If You Forgot What The EITC Is...
...you're not alone! Every year taxpayers are confused about this tax credit and many who qualify don't even know it. First, the history. This tax credit has been around since the mid-1970s. Called EITC for short, the Earned Income Tax Credit is meant to be an incentive to work. In this case, the demotivating factor is the Social Security tax.
Here's how it works. Many of the low and moderate income people who work find it difficult to justify working when the taxes take out so much of each paycheck. A very low paycheck minus Social Security tax may total less than just going on welfare. Therefore, the EITC is meant to give those low income workers a refund come tax time- to offset the impact of Social Security taxes. Basically, the EITC helps nudge low-income workers a few steps up the ladder, income-wise, above welfare recipients. Therefore, it's an incentive to work. Sometimes, the credit is actually more than the taxes owed by a low income taxpayer. In that case, they get a tax refund from the IRS. Whatever the case, one must file a tax return to qualify for the Earned Income Tax Credit.
Find Out if You Qualify
It's already been said that one must file to qualify. But what else? First, you might have already guessed: you must have earned income. There are only two types of earned income: money you make working for someone or money you make by owning your own business. There are several types of earned income:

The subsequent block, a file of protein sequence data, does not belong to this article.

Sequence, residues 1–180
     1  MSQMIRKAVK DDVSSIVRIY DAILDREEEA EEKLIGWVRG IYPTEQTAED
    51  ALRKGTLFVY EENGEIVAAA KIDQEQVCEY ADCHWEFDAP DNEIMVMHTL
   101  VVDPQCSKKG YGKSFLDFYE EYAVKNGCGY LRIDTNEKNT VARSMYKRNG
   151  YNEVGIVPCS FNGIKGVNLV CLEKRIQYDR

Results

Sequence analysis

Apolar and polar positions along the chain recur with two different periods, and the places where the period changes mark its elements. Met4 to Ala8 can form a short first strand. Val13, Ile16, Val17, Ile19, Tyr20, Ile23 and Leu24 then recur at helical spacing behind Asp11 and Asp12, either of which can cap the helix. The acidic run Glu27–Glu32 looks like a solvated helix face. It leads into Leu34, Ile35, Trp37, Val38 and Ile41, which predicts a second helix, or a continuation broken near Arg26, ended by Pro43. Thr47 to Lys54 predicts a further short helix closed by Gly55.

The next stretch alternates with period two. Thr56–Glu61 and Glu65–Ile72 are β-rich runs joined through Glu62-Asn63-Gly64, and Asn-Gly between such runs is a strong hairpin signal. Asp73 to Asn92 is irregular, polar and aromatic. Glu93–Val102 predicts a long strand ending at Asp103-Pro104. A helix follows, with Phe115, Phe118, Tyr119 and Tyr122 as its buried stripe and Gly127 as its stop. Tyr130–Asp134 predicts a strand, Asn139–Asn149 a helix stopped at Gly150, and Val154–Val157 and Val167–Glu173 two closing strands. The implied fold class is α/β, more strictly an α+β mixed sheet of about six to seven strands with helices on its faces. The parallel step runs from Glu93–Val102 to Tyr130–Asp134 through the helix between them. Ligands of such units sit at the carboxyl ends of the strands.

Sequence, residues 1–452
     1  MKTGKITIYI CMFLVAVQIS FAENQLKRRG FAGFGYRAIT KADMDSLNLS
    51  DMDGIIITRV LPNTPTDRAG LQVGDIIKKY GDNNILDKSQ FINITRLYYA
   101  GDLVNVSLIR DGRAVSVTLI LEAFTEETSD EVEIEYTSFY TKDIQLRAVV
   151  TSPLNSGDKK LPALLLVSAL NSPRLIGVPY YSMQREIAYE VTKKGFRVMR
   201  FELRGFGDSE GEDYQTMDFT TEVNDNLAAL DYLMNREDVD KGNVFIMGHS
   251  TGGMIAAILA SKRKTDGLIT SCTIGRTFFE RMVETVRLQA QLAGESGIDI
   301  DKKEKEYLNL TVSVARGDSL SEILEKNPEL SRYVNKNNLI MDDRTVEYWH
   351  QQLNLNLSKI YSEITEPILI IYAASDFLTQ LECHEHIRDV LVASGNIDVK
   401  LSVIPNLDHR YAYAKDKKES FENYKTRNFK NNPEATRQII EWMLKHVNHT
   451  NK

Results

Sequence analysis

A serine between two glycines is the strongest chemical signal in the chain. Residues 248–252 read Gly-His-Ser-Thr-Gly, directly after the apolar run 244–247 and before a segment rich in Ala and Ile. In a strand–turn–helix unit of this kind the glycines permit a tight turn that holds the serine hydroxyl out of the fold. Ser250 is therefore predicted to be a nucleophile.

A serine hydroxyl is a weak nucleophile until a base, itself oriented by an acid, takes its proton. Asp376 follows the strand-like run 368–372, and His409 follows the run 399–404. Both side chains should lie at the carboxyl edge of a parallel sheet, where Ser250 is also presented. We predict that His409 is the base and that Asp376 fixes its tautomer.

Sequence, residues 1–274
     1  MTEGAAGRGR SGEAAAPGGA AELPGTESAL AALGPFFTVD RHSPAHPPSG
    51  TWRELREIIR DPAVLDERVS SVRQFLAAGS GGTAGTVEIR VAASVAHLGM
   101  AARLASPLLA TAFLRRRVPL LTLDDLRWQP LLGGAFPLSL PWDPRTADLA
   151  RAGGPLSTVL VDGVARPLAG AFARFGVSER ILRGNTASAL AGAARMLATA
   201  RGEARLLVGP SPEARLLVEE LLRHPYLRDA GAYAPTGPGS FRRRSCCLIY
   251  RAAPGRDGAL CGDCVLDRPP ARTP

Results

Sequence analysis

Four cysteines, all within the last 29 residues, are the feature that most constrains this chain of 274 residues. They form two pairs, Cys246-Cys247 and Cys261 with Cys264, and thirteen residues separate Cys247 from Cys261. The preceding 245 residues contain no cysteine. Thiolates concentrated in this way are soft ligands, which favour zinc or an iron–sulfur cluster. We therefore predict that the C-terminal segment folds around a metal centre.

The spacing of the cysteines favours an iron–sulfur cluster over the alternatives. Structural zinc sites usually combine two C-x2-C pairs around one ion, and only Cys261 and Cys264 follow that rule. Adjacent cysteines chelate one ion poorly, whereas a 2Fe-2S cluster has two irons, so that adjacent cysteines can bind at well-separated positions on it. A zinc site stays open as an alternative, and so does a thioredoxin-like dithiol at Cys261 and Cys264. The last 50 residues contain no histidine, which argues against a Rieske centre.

- your paycheck
- profit from your own business
- long term disability if you're not yet retired'
- benefits you receive as a result of a union strike
- any type of pay you earn as an employee
Limits for the Earned Income Tax Credit
The total amount of earned income from these sources must be less than $13,980 if you are single and have no children. This is for the 2012 tax year. As the number of your children goes up, so does the limit for qualifying for the EITC. If you are married filing jointly the limit is higher too, of course. That single taxpayer with no children will get a maximum of $475 credit on his or her tax return. Money you make by investing money is also figured into the equation. You cannot make more than $3,200 investment income if you want to qualify for this tax credit.
Here's What Doesn't Count as Earned Income
- Alimony you receive
- Social Security checks
- your retirement income
- interest and dividends
- unemployment benefits
- child support you receive
Rules about Qualifying Children
Each qualifying child you have increases your potential to receive more EITC. Here's what qualifies a child. The child must have a social security number and he or she can be adopted, foster, stepchild, and even a grandchild. Once a person is over 19, he or she is no longer considered a child as far as the EITC is concerned. However, if that person if a full time student, and younger than 24...still a child! Oh, and qualifying child must live with you for at least half the year.